When the sun rises over Matera, Italy, it’s like a spotlight has been cast on the ancient set of a Hollywood movie—except this is the real thing.
The sun’s glow brings a warmth to the winding stone streets and ages-old structures with arches, passageways, gates and distinctive doors.
The heart of Matera is a 10,000-year-old community where people and animals once lived in cave dwellings and stone structures built out of malleable rock of a ravine. Abandoned in 1952 after the government determined it was uninhabitable and the entire population was moved to more modern residences, the area became known as “the shame of Italy.” This historic and architectural wonder was neglected for decades.
However in 1986, the Italians launched a major restoration program, which led to the creation of museums and hotel facilities. In 1993, UNESCO declared the area known as the Sassi District, a World Heritage Site.
Italy is a well-known and popular vacation destination with Rome, Venice and Florence drawing hordes annually. Since Matera, a lesser known city located in the arch of southern Italy’s boot, has come alive again with locals taking residence and merchants opening shops in the Sassi, tourists are discovering an Italian experience unlike any other.
One now can walk the meandering cobblestone streets and climb steps that range from steep to shallow throughout this district past homes, residences, churches, bed-and-breakfast inns. Be prepared for a vigorous workout as one descends deeper into the district—remember it exists in a ravine—and returning means climbing back up all those stairs and inclines. Everything in the Sassi retains an ancient appearance since it’s all built out of the distinctive white rock native to the area. No wonder so many movie directors have chosen Matera as the location for their films, particularly biblical-themed films such as The Passion of the Christ, King David, The Nativity Story and more.
The views both close up and from a distance are nothing short of spectacular, regardless of whether one strolls the streets early morning, during the day, at sunset or in the evening. At night, with the glow of sporadic lighting, the old city has a more mysterious feel.
Those who hunger for a unique experience can overnight in one of several cave hotels in Matera such as Sextantio Le Grotte della Civita, which has 18 rooms and suites lite with natural light, candlelight and just a few touches of modern life such as modern bed and linens and WiFi.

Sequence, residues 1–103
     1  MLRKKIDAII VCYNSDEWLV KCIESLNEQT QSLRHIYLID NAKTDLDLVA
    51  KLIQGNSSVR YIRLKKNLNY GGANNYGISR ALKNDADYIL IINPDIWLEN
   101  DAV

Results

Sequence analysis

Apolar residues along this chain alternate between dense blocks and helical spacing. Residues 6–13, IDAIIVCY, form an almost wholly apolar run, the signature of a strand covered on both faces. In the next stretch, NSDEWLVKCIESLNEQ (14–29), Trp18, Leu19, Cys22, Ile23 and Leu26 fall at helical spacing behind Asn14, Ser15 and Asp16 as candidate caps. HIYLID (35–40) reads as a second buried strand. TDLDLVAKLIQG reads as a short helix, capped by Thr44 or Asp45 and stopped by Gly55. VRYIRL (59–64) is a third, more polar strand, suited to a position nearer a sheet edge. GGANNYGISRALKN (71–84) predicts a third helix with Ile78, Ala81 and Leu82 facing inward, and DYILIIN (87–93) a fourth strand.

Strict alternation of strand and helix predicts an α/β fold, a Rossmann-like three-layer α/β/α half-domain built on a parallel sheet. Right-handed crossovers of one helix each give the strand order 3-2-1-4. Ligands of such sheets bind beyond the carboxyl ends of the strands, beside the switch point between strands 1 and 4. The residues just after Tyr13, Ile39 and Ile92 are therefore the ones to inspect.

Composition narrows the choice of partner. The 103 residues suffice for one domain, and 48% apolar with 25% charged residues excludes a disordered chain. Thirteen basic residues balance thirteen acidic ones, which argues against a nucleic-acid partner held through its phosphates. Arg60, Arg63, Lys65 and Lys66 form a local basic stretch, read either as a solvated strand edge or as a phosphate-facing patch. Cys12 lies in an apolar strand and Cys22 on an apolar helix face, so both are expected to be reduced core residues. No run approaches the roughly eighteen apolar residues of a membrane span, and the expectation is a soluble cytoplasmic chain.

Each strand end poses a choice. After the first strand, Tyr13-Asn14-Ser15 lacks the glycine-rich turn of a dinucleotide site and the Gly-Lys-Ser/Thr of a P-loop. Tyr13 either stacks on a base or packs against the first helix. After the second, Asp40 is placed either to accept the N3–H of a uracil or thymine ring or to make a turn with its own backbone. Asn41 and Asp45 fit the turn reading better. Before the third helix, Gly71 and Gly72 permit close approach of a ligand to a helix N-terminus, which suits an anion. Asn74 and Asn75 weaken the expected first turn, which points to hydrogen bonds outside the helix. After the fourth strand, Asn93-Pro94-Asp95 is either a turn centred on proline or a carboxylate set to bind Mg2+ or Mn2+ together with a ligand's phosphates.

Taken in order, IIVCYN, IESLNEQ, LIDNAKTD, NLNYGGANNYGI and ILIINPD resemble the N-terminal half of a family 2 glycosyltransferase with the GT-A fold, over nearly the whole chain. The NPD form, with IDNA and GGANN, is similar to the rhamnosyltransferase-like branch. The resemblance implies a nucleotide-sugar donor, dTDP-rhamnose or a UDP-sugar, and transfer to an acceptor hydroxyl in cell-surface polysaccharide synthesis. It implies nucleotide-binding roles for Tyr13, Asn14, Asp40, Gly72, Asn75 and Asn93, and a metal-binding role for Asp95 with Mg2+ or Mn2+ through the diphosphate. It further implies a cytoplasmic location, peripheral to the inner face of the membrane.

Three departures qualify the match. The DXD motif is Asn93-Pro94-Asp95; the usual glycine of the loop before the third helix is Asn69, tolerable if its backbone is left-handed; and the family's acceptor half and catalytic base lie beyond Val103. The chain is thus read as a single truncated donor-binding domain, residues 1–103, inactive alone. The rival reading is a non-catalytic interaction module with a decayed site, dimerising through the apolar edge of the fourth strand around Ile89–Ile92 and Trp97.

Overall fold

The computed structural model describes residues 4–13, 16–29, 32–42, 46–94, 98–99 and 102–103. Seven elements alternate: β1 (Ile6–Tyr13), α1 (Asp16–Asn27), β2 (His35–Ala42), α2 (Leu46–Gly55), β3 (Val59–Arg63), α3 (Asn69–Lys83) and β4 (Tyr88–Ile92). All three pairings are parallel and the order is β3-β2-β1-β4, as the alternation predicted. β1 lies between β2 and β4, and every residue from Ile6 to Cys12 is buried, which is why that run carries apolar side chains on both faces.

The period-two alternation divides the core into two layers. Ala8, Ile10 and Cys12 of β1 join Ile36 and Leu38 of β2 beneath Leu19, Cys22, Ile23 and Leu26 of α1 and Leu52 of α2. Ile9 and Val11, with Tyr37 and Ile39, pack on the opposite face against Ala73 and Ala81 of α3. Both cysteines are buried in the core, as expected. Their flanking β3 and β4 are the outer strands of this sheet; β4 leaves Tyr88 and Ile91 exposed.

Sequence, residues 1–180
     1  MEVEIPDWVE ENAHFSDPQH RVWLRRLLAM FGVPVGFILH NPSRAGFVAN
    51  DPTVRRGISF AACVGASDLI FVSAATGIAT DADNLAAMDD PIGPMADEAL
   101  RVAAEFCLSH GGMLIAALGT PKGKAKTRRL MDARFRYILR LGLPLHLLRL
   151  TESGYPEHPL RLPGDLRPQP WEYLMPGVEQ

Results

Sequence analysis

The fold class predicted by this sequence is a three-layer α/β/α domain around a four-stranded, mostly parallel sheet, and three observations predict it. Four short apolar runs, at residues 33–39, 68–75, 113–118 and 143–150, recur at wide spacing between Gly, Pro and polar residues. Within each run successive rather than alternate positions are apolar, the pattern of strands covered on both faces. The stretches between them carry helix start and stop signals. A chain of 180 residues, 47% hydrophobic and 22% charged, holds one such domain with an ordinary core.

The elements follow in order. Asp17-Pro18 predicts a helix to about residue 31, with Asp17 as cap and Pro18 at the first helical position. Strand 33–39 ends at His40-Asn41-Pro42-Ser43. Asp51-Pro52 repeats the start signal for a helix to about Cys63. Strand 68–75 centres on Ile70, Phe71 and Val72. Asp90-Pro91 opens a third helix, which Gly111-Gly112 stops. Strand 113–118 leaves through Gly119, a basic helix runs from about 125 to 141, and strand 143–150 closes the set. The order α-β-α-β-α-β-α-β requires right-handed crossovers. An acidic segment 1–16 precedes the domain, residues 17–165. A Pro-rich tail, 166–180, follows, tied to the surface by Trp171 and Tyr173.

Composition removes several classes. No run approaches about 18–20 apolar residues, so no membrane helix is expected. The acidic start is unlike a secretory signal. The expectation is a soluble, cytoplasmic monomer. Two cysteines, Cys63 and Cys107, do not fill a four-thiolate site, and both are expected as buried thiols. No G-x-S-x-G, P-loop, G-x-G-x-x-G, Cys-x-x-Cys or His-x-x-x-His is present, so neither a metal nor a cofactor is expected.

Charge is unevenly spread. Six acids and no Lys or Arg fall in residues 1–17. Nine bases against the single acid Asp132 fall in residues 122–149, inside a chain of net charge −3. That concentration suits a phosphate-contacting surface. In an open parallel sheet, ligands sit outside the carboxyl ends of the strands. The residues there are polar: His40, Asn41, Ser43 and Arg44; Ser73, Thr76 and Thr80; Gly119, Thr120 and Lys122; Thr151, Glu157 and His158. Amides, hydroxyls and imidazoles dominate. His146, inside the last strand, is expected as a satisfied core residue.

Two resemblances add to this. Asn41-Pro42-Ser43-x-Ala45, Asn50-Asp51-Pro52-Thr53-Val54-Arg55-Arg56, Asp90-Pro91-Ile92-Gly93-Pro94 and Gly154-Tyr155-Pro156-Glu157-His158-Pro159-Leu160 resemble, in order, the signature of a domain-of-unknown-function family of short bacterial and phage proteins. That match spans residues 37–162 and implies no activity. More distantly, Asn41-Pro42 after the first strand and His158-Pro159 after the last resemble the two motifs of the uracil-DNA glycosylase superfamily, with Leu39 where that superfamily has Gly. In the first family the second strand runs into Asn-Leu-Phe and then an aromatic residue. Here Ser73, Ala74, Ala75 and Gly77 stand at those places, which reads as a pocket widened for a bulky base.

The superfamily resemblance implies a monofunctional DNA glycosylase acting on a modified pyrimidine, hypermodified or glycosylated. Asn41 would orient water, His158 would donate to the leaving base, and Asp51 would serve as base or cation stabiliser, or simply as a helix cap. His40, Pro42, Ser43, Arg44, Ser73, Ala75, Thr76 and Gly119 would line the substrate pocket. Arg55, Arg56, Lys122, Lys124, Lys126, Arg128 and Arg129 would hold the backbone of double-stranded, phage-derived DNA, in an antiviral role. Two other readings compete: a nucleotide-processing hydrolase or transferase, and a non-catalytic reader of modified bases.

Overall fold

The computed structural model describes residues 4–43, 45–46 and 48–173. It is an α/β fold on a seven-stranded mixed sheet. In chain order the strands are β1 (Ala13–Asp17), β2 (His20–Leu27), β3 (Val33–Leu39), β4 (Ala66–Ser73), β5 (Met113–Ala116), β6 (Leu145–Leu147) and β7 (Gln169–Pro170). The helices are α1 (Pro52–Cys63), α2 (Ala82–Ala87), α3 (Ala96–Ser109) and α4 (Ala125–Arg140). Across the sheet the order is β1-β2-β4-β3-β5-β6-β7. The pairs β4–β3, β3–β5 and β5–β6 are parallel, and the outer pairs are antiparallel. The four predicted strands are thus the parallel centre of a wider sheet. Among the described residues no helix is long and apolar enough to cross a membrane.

Not all of Matera is ancient, though. Modern hotels, eateries, shops, offices, theaters, residences and a large public park are located on the streets surrounding the Sassi. Here merchants offer clothing, jewelry, gelato and experiences intended for locals and visitors. And in the evening, the streets and piazzas are full of locals engaging in the Italian tradition of “passeggiata” (the little walk) strolling to see and be seen and reconnect with neighbors, relatives and friends.
While the Sassi district is almost exclusively traffic free, the rest of Matera bustles with compact cars as well as buses bringing visitors from Rome and other areas.
My hotel during three days in Matera was the Albergo Italia, which had rooms with high ceilings, large rooms and a spectacular views of the Sassi. It is conveniently located steps away from places to grab a drink, something to eat and an easy walk to shopping, dining, museums, churches and the heart of the Sassi district.
The group I was traveling with dined several nights at Ristorante O’Llamord, located deep in the Sassi, which served flavorful pastas accompanied by Italian wines and our favorite nightcap to end the meal limoncello, a lemon flavored Italian liquer. The quality of the meals was matched by the friendliness of the staff who didn’t mind taking group photos and laughing with us between courses.
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